That's Not What Happened by Kody Keplinger (325 pages)
Overview: It's been three years since the school shooting in Virgil County and the youngest group of survivors are about to graduate. While Lee is glad to finally be moving on, she also doesn't feel right about leaving the story the way it is, to fade and distill in everyone's minds. And then one of the victims parents decides to write a book about their daughter's courageous show of faith when she confronted the killer before she died. As powerful as the story is, it's simply not what happened. Lee knows this first hand because she was with Sarah in that stall when she got shot. Lee wants to spread the truth, but the town might not want to hear it. Overall: 4
Characters: 4 Lee makes a great narrator for the book. She'll navigate you through social circles and small town relationships with expertise. She's serious yet witty and funny. The other survivors are also interesting. Denny, a blind student, was shot in the arm and became the focus of major media coverage as he learned to use his cane again. Eden had to witness her cousins death, and Miles was cast as a hero, even though everyone thought he'd be a burn out before that day. The only two other immediate survivors have had complete opposite experiences tied to the same event. Kellie, the other girl in the bathroom got chanced out of town for trying to set the story straight while Ashley was the one who shared the inspiring story of Sarah standing up for her fate.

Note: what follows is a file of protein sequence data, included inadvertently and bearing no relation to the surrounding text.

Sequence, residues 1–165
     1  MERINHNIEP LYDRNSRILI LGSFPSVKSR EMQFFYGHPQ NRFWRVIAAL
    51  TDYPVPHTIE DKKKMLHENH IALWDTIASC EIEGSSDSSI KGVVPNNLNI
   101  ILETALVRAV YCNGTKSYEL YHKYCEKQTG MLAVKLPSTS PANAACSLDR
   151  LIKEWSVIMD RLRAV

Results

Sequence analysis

While some of these characters are better drawn than others, they all have an important role to play.
Plot: 4 The story of recovery and spreading the word is an interesting one. It's removed from the incident, but not that far. And it's dealing with a rumor that has had time to mature into fact. While Lee is still healing, her story is about a journey to set things right. It almost backtracks her recovery. The book is really about small towns and how the loudest members of the community can rewrite history over the people who witnessed it.
Writing: 4 The story is told in a sort of extended episilary format. It is all technically one giant letter with other letters interspersed. I liked the immediacy and the direct direction at the reader to draw them in. While I always have a hard time with the exact dialouge in books of this format, I did think that it suited the story. I've only known Keplinger's work from anthologies, but I was glad I enjoyed it just as much over a whole novel.
Links of Interest:
Hope and Other. Punchlines: Review Here
Unpregnant: Review Here
9 Days & 9 Nights: Review Here
Need for Younger. YA: Here